What is multiple segmentation? How does splitting your target market increase growth in business?
Market segmentation is when you divide your target market into multiple segments with a different product or message. In The Marketing Plan, William M. Luther encourages multiple segmentation because it offsets market decline.
Here’s a more in-depth explanation of why Luther is in favor of multiple segmentation.
How to Find a Noncompetitive Market
Luther suggests that you can have fewer competitors by finding segments in the market that are in the introductory life cycle stage. The process of multiple segmentation involves splitting your target market into different groups of customers and honing in on needs that are yet to be met.
Let’s explore how this would work for your tooth whitening product. You originally decided that your target market includes eco-friendly online consumers who want whiter teeth. However, because many competitors already cater to this market, your chances of gaining market share with your current product are slim. To counter this, you further refine your target market to include customers who want a flavored version of the product. Since this is something that other competitors don’t provide, you instantly increase your odds of success.
(Shortform note: Marketing experts expand on this by suggesting four ways to approach market segmentation: demographic, geographic, psychographic, and behavioral. Each way offers its own unique purpose—you’ll need to consider which way(s) will help you to meet your specific business goals. For example, there may be little value in segmenting customers according to their geographic location if you intend to sell and distribute your products and services solely through online channels.)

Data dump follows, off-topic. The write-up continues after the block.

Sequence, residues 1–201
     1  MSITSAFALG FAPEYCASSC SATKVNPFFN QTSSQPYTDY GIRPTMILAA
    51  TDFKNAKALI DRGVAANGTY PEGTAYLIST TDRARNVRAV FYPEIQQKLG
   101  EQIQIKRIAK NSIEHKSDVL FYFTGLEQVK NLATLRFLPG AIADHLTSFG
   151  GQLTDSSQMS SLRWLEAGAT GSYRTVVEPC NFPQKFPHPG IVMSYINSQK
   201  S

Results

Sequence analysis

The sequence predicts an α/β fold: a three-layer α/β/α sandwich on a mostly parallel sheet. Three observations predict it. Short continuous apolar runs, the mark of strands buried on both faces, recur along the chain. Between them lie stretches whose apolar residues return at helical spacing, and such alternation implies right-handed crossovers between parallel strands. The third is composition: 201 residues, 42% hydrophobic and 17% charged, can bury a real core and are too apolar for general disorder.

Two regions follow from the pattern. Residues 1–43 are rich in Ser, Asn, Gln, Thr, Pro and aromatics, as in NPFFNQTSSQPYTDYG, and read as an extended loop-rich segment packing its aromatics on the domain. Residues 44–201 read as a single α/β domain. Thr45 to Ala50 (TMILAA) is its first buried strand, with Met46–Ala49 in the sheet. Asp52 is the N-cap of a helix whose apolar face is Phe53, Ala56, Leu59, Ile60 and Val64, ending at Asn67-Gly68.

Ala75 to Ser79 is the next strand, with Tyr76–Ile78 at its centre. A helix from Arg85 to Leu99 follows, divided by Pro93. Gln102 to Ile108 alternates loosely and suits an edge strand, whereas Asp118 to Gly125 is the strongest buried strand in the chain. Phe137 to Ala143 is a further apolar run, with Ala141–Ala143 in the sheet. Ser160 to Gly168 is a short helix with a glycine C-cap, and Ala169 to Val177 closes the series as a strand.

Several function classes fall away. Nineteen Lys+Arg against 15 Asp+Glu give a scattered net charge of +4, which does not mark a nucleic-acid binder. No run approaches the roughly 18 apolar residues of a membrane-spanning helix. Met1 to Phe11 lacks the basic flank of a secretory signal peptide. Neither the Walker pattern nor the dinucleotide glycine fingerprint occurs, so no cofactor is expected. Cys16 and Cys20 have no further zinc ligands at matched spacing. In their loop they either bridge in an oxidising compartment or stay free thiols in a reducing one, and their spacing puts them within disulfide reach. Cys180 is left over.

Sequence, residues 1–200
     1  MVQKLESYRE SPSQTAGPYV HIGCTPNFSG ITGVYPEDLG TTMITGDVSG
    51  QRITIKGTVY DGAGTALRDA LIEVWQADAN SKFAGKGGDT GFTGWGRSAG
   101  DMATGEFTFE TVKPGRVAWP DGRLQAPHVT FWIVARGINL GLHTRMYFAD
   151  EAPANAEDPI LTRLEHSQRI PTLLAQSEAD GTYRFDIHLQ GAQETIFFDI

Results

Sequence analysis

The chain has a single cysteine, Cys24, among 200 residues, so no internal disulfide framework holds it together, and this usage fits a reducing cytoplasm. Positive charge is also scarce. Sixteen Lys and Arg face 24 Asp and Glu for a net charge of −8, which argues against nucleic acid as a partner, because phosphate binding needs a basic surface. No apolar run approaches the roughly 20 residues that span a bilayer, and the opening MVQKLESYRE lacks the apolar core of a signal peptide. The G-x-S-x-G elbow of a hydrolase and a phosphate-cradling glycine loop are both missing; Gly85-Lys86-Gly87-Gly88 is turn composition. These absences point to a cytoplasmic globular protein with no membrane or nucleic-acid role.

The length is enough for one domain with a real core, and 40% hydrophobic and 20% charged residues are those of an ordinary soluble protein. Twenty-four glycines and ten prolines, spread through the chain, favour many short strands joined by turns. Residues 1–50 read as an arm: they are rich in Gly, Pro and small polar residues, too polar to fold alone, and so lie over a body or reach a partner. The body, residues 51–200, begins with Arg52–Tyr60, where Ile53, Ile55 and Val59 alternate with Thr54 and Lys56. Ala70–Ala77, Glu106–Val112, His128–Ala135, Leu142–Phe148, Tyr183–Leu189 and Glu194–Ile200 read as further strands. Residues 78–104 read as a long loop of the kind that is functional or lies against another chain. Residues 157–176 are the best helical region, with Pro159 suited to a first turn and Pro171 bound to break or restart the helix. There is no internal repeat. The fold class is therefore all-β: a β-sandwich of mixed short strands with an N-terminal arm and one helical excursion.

Catering to Different Segments Offsets Market Decline
Further, Luther argues that the only way to maintain your share of the market and subsequent profits is to introduce different products and services into multiple market segments. This puts you in a position to maintain a large overall market share even when customer interest declines for some of your products and services.
For example, you enter the dental hygiene market by targeting the flavored tooth whitening segment and acquire a 25% share. You also introduce a new product into a different segment of the market—such as bamboo toothbrushes for the eco-friendly toothbrush segment—and acquire a 15% share of that segment. Over time, interest in your original product wanes, and your share of that segment drops to 20%. However, your second product maintains its position leaving you with a total of 35% market share.
(Shortform note: Business experts offer additional insights into why you should cater to multiple segments: It attracts a wider range of consumers and further promotes awareness of your brand. This increases your overall sales and provides financial stability even when faced with demand fluctuations—resulting in a secure position that allows you to compete more strongly in your industry. However, while this sounds good in theory, many companies have tried and failed to cater to different segments. You can avoid these pitfalls and increase your chances of success by analyzing the variables covered in this guide for each new market segment you intend to target.)
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- How to build a team and motivate them to work together
- How to hire the right people—and keep them
- How to share and reinforce your vision